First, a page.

For just as we have many members in one body and all the members do not have the same function, so we, who are many, are one body in Christ, and individually members one of another. Since we have gifts that differ according to the grace given to us, each of us is to exercise them accordingly: if prophecy, according to the proportion of his faith; if service, in his serving; or he who teaches, in his teaching; or he who exhorts, in his exhortation; he who gives, with liberality; he who leads, with diligence; he who shows mercy, with cheerfulness. Let love be without hypocrisy. Abhor what is evil; cling to what is good. Be devoted to one another in brotherly love; give preference to one another in honor; not lagging behind in diligence, fervent in spirit, serving the Lord; rejoicing in hope, persevering in tribulation, devoted to prayer, contributing to the needs of the saints, practicing hospitality. Bless those who persecute you; bless and do not curse. Rejoice with those who rejoice, and weep with those who weep. Be of the same mind toward one another; do not be haughty in mind, but associate with the lowly. Do not be wise in your own estimation. Never pay back evil for evil to anyone. Respect what is right in the sight of all men. If possible, so far as it depends on you, be at peace with all men. Never take your own revenge, beloved, but leave room for the wrath of God, for it is written, “VENGEANCE IS MINE, I WILL REPAY,” says the Lord. “BUT IF YOUR ENEMY IS HUNGRY, FEED HIM, AND IF HE IS THIRSTY, GIVE HIM A DRINK; FOR IN SO DOING YOU WILL HEAP BURNING COALS ON HIS HEAD.” Do not be overcome by evil, but overcome evil with good. (Romans 12:4-21)
Now there are varieties of gifts, but the same Spirit. And there are varieties of ministries, and the same Lord. There are varieties of effects, but the same God who works all things in all persons. But to each one is given the manifestation of the Spirit for the common good. For to one is given the word of wisdom through the Spirit, and to another the word of knowledge according to the same Spirit; to another faith by the same Spirit, and to another gifts of healing by the one Spirit, and to another the effecting of miracles, and to another prophecy, and to another the distinguishing of spirits, to another various kinds of tongues, and to another the interpretation of tongues. But one and the same Spirit works all these things, distributing to each one individually just as He wills. (1 Corinthians 12:4-11)
Brethren, do not be children in your thinking; yet in evil be infants, but in your thinking be mature. In the Law it is written, “BY MEN OF STRANGE TONGUES AND BY THE LIPS OF STRANGERS I WILL SPEAK TO THIS PEOPLE, AND EVEN SO THEY WILL NOT LISTEN TO ME,” says the Lord. So then tongues are for a sign, not to those who believe but to unbelievers; but prophecy is for a sign, not to unbelievers but to those who believe. Therefore if the whole church assembles together and all speak in tongues, and ungifted men or unbelievers enter, will they not say that you are mad? But if all prophesy, and an unbeliever or an ungifted man enters, he is convicted by all, he is called to account by all; the secrets of his heart are disclosed; and so he will fall on his face and worship God, declaring that God is certainly among you. What is the outcome then, brethren? When you assemble, each one has a psalm, has a teaching, has a revelation, has a tongue, has an interpretation. Let all things be done for edification. (1 Corinthians 14:20-26)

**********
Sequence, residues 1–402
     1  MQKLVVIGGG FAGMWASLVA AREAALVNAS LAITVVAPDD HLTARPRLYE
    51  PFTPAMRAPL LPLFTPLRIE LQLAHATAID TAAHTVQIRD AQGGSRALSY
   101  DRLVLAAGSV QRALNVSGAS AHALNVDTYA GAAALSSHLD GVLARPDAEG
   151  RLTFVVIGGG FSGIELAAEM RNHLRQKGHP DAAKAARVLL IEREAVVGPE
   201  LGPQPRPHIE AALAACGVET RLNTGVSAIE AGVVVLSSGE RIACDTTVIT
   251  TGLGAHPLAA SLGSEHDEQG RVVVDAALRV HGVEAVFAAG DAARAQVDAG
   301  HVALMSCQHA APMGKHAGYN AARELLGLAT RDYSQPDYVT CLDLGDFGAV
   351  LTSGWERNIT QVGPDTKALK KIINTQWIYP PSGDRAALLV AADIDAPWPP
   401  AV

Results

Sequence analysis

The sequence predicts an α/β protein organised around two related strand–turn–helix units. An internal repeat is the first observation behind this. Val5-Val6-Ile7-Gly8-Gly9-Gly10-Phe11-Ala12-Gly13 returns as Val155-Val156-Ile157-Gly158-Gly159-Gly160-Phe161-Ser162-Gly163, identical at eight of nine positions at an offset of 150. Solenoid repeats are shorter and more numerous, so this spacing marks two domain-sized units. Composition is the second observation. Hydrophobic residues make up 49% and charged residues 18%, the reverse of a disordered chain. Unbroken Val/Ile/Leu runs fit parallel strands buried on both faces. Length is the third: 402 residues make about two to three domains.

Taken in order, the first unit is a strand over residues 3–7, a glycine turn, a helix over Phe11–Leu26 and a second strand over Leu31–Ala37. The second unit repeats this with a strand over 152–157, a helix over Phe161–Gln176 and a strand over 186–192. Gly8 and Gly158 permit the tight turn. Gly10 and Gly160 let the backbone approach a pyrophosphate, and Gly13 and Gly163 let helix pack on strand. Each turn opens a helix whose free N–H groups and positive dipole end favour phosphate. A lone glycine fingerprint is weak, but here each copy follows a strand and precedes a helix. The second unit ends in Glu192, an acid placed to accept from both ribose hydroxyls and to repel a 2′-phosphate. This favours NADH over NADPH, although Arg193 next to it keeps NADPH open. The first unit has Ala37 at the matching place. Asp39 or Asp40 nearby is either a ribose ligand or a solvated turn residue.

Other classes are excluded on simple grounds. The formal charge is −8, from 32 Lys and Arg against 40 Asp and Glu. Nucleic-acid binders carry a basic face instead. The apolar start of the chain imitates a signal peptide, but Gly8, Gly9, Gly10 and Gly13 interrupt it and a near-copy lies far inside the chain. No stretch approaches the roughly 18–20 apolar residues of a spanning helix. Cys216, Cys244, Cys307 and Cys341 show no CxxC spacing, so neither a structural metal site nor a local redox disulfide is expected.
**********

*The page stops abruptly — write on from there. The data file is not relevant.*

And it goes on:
Now the deeds of the flesh are evident, which are: immorality, impurity, sensuality, idolatry, sorcery, enmities, strife, jealousy, outbursts of anger, disputes, dissensions, factions, envying, drunkenness, carousing, and things like these, of which I forewarn you, just as I have forewarned you, that those who practice such things will not inherit the kingdom of God. But the fruit of the Spirit is love, joy, peace, patience, kindness, goodness, faithfulness, gentleness, self-control; against such things there is no law. Now those who belong to Christ Jesus have crucified the flesh with its passions and desires. If we live by the Spirit, let us also walk by the Spirit. Let us not become boastful, challenging one another, envying one another. (Galatians 5:19-26)
Brethren, even if anyone is caught in any trespass, you who are spiritual, restore such a one in a spirit of gentleness; each one looking to yourself, so that you too will not be tempted. Bear one another’s burdens, and thereby fulfill the law of Christ. (Galatians 6:1-2)
Then I heard a loud voice in heaven, saying, “Now the salvation, and the power, and the kingdom of our God and the authority of His Christ have come, for the accuser of our brethren has been thrown down, he who accuses them before our God day and night. “And they overcame him because of the blood of the Lamb and because of the word of their testimony, and they did not love their life even when faced with death. (Revelation 12:10-11)
In light of these verses, I think the real question then becomes, “Why don’t we do these things?”